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Kenyan coffee gains from drop in Brazil production

  Feb 6, 2014
 

Coffee prices at the Nairobi exchange shot up for the second week in a row helped by a drop in supply from Brazil, the world’s biggest producer.


A dry spell in Brazil’s coffee growing belt has raised fears of a global shortage of the commodity, in part helping to reverse a slump in prices which a few months ago had dropped to five-year low.


At the Nairobi Coffee Exchange (NCE), the price of a 50-kilogramme bag jumped to Sh17,680 ($208) during Tuesday’s auction, compared to Sh14,790 ($174) last week.


“Production in Brazil is coming down following the bad weather, creating high demand for the commodity in the world markets,” said NCE chief executive Daniel Mbithi.


He noted that recent supply of good quality coffee had also helped to drive up prices, urging farmers to take advantage of the high demand to release their stocks to the market.


“This is one of the best offers in the recent days, and growers should seize the opportunity in order to earn more from their crop,” said Mr Mbithi.


The high price comes at a time when stakeholders in the industry are raising concerns over the declining volume of coffee output.


READ: Coffee farmers eye 2014 boom as Brazil pulls down global output


Speaking at Strathmore Business School in Nairobi this week during the forum on revitalising the coffee industry, Coffee Board of Kenya acting managing director Isabella Nkonge said that the trend was worrying as production has dropped from 170,000 tonnes in the 1980s to an average of 50,000 tonnes currently.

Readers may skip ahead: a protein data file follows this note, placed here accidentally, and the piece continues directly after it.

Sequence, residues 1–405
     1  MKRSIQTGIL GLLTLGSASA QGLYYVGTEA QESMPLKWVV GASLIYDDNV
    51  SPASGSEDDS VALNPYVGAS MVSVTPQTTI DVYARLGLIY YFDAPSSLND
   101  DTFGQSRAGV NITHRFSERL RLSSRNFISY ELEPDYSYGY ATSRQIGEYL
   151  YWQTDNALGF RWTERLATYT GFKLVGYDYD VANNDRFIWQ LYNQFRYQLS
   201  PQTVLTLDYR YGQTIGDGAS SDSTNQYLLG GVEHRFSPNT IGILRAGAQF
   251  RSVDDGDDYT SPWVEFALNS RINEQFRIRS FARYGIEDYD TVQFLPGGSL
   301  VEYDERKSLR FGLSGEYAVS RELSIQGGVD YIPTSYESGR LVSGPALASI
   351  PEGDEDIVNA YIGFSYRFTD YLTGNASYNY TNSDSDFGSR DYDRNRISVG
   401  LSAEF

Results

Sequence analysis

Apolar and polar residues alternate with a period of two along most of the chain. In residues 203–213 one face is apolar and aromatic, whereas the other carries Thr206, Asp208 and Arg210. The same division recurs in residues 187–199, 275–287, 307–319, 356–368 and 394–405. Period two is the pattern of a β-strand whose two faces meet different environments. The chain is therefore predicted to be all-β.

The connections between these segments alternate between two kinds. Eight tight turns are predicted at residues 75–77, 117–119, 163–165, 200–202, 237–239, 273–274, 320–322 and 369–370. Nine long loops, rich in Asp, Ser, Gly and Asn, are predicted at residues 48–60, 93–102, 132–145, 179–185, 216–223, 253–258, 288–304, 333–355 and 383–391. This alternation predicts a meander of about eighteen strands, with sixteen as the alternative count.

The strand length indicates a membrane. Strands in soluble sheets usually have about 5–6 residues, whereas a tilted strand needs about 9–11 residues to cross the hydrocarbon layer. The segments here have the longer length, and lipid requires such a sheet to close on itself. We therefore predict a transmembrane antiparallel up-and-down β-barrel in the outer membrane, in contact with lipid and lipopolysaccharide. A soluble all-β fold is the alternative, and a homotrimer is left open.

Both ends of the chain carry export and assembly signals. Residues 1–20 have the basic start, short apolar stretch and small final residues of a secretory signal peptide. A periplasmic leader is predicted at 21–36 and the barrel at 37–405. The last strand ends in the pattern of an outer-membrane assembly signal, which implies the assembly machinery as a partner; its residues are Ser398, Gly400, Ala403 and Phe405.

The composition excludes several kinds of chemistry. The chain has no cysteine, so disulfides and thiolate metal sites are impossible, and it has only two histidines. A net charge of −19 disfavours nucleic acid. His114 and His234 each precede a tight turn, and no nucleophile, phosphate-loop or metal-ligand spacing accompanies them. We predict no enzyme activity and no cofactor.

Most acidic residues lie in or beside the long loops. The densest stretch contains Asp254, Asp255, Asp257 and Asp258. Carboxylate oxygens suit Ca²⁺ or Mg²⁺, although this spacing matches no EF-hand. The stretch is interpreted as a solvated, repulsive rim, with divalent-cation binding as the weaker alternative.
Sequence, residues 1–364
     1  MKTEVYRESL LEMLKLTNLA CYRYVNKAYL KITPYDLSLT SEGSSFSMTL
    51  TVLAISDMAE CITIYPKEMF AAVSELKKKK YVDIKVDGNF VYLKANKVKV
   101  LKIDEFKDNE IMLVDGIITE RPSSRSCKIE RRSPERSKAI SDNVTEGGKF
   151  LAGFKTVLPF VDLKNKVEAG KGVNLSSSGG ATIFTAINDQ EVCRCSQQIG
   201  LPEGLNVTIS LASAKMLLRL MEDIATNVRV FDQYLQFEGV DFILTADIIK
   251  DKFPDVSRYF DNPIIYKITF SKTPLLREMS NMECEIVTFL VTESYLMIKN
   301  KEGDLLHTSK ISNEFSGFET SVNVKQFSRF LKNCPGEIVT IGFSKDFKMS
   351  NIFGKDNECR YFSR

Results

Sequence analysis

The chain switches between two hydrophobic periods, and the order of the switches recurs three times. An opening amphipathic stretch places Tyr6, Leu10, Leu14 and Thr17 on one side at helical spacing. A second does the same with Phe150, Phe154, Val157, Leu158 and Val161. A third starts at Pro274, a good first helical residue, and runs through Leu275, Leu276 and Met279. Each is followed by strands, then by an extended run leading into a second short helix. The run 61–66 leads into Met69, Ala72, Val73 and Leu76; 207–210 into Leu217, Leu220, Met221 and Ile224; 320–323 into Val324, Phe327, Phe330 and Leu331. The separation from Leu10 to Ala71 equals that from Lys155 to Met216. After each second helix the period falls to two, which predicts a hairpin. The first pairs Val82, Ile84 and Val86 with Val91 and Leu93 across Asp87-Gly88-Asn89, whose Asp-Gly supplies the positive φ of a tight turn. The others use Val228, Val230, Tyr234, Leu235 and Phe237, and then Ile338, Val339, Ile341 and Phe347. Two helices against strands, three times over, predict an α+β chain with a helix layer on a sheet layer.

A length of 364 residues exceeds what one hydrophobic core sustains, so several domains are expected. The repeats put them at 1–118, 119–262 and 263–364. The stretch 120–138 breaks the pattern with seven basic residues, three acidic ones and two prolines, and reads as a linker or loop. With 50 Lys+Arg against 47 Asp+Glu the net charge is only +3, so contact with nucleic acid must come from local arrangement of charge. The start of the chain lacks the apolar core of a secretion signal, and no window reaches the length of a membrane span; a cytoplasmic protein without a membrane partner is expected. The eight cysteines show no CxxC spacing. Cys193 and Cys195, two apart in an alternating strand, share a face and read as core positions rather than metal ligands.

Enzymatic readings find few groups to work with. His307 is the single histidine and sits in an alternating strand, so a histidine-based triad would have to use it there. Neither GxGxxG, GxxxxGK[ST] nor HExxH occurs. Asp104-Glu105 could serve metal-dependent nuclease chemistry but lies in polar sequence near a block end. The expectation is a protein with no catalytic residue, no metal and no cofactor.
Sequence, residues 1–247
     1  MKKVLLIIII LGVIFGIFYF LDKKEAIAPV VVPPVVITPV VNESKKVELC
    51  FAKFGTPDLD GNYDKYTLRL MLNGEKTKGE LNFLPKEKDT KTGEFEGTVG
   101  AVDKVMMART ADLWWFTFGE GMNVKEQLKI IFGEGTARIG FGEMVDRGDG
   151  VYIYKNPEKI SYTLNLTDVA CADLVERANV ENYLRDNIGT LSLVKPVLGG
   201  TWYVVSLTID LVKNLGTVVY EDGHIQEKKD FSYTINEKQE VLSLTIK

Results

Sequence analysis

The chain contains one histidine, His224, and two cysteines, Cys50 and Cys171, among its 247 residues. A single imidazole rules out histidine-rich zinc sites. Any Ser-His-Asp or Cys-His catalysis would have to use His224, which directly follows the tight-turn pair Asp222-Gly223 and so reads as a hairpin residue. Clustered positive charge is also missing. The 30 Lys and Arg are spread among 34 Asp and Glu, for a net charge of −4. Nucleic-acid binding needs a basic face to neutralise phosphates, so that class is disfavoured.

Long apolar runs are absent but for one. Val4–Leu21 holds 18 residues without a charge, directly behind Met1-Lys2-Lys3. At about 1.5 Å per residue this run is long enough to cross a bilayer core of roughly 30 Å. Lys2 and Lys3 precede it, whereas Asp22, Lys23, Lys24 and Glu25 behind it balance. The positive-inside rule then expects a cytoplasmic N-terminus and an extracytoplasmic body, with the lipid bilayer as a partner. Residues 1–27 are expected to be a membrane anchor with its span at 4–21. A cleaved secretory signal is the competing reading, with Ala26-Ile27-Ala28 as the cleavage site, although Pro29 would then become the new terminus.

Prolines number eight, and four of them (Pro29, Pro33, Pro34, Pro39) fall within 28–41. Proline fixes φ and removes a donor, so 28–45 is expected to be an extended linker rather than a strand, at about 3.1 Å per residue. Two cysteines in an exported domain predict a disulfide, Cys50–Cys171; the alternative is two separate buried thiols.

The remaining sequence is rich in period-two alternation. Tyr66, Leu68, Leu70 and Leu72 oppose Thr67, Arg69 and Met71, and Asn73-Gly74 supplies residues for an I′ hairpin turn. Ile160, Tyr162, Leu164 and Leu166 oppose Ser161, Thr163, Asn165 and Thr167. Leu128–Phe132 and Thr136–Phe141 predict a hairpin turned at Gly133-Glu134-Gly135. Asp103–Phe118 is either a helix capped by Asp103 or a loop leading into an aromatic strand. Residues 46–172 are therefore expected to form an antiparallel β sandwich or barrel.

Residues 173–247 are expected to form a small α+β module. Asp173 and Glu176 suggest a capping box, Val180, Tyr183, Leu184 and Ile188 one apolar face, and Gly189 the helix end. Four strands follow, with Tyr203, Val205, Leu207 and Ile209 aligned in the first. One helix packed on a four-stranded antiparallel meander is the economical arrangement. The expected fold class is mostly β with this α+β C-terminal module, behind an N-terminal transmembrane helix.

“The country is losing $270,000 million (Sh30 billion) annually as a result of the drop in production, which is a lot of money in foreign exchange,” said Ms Nkonge.


More than 90 per cent of locally produced coffee is exported, raking in Sh12.4 billion in the past financial year.


A stalemate between the County governments and coffee marketers last month caused postponement of one of the weekly auctions, as governors seek to gain control of production and sale of the crop in their jurisdictions.


The total acreage under coffee has so far more than halved from 110,000 to 50,000 acres, with the production per bush of the cash crop having declined to two kilogrammes from 10 kilogrammes at independence 50 years ago, according to coffee board.


The price of the Arabica coffee, the world’s high quality variety, has been dropping in recent years because of bumper harvests in South American countries of Brazil and Colombia.


It is anticipated that the global outlook for 2013-2014 season will be 150,465kg, with consumption estimated at 144,423kg as per a report by the America Department of Agriculture.


Cortesy:Business Daily



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